December 6, 2011
Haiti Is Open for Business, but Should It Be? — Haiti Grassroots Watch

President Michel Martelly announcing a new industrial zone for Haiti. Photo source: Haiti Grassroots Watch

 

Haiti Grassroots Watch, a collaboration of Haitian grassroots journalists and radio broadcasters, seeking to give voice to Haiti’s poor in the reconstruction process,  has just released another series of exposes of the dynamics behind Haiti’s reconstruction.  Editorializing below about recent events proclaiming a new factory zone for Haiti, the dossier continues with voluminous reporting in separate articles (links below). 

 

“‘Haiti is open for business.’  President Michel ‘Sweet Micky’ Martelly’s marching orders. 

 

“Earlier this week Martelly, ex-President Bill Clinton, and other major players inaugurated the “model project” for the reconstruction and for what Martelly and his speech-writers have called a “new” Haiti – a giant industrial park where foreign companies will hire Haitian workers at sweatshop-wage levels.

 

“Will these projects really deliver something new?  Can a country be ‘reconstructed’ on the backs of $5-a-day wages?

 

“The park is being built with over US$120 million in US taxpayer dollars. Does it make sense for taxpayer dollars to subsidize the foreign companies who sew clothing for GAP, Wal-Mart, Banana Republic, K-Mart and other US chains?  

 

“Is helping US corporations off-shore more jobs to countries like Haiti really positive ‘change’ (presidents of both countries have used that word) for the citizens of the US and Haiti?

 

“Aren’t the ‘1 percent’ already raking in enough? 

 

“Not one major media outlet – in Haiti or overseas – has asked these questions. Indeed, many journalists have been cheerleaders. 

 

“But the ‘new’ Haiti has definite winners and losers.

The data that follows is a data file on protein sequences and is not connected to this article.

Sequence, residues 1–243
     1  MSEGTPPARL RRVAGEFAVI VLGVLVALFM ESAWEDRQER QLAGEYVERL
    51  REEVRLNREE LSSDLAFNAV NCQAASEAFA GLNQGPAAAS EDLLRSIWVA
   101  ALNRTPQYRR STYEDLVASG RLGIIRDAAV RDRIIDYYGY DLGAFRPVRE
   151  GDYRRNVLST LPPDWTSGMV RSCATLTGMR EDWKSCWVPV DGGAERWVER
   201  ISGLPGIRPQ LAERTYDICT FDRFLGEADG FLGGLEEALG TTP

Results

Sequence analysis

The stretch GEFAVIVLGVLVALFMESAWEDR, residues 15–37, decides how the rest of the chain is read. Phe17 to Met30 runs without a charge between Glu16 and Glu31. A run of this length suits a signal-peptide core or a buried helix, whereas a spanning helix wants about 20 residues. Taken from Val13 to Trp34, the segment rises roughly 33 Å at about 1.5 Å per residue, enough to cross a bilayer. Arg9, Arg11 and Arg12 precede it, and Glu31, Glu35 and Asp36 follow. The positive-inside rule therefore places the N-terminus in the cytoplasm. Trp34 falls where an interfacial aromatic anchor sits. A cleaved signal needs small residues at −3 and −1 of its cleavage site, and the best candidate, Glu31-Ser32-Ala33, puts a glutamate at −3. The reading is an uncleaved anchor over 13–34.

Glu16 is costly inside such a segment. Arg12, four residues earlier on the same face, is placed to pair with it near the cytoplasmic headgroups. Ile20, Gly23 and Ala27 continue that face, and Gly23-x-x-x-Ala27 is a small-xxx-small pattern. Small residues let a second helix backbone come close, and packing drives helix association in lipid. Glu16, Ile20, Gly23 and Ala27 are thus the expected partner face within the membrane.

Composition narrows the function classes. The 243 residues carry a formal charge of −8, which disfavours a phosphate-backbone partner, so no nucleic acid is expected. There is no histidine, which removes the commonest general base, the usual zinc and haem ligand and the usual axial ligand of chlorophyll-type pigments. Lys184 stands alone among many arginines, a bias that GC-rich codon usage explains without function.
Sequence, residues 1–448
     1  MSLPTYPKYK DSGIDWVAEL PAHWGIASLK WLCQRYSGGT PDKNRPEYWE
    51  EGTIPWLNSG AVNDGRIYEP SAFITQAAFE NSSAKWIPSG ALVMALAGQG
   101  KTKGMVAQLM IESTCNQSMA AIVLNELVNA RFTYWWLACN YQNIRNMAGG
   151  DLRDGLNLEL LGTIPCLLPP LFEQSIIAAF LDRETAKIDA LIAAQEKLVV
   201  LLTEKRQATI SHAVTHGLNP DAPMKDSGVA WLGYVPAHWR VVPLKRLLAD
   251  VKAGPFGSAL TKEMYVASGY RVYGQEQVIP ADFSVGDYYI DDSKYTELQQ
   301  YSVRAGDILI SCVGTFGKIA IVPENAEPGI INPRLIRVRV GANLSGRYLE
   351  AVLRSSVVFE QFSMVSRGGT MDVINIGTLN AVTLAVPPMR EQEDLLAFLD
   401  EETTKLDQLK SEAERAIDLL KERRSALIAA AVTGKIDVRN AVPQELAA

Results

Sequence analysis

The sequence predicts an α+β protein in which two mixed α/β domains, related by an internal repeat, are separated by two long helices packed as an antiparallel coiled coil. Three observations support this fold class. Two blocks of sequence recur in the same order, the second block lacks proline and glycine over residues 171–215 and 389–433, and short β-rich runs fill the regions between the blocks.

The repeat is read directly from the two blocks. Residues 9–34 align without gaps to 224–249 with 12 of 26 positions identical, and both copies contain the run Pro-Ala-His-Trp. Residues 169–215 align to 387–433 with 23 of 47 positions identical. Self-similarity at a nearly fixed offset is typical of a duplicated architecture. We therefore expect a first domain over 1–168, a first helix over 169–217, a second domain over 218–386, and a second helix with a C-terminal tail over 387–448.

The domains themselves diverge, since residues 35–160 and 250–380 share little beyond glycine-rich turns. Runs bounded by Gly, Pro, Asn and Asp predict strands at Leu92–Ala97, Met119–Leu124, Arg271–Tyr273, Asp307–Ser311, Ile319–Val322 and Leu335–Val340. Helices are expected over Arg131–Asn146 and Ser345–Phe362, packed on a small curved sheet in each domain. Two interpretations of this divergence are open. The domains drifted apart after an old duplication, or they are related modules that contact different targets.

“Haiti Grassroots Watch spent months on an investigation and, among other findings, discovered that:

 

“* Haitian workers earn less today than they did under the Duvalier dictatorship and over one-half the average daily wage is used up lunch and by transportation to and from work. 

 

“* Haiti and its neighbors have all tried the “sweatshop-led” development model – and it has mostly not delivered on its promises. 

 

“* The new industrial park for the north does not come without costs and risks: Massive population influx, pressure on the water table, loss of agricultural land, and it’s being built steps from an area formerly slated to become a ‘marine protected area.’

 

Individual articles include: 

 

1 – Salaries in the “new” Haiti

2 – Anti-union, pro-“race to the bottom”

3 – Why is Haiti “attractive”?

4 – What’s planned for Haiti?

5 – Stepping stone or dead end? Experiences in other countries

6 – The case of Caracol

7 – Industrial Park in Caracol: A “win-win” situation?

 

To learn more, to see photos and to watch a video, please visit: 

 

http://bit.ly/HaitiOpen4Biz or http://www.haitigrassrootswatch.org 

 

Haiti Grassroots Watch  is a collaboration of two Haitian grassroots media organizations, Groupe Medialternatif/Alterpresse and the Society for the Animation of Social Communication (SAKS), along with two networks – the network of women community radio broadcasters (REFRAKA) and the Association of Haitian Community Media (AMEKA), which is comprised of community radio stations located across the country. The effort focuses on “watchdogging” the aid and reconstruction from the point of view of Haiti’s majority, at the same time as it also provides historical and political context, examines structural causes and challenges…” For more information contact:   ayitikaleje@gmail.com

Excerpted from http://haitigrassrootswatch.squarespace.com/about-us/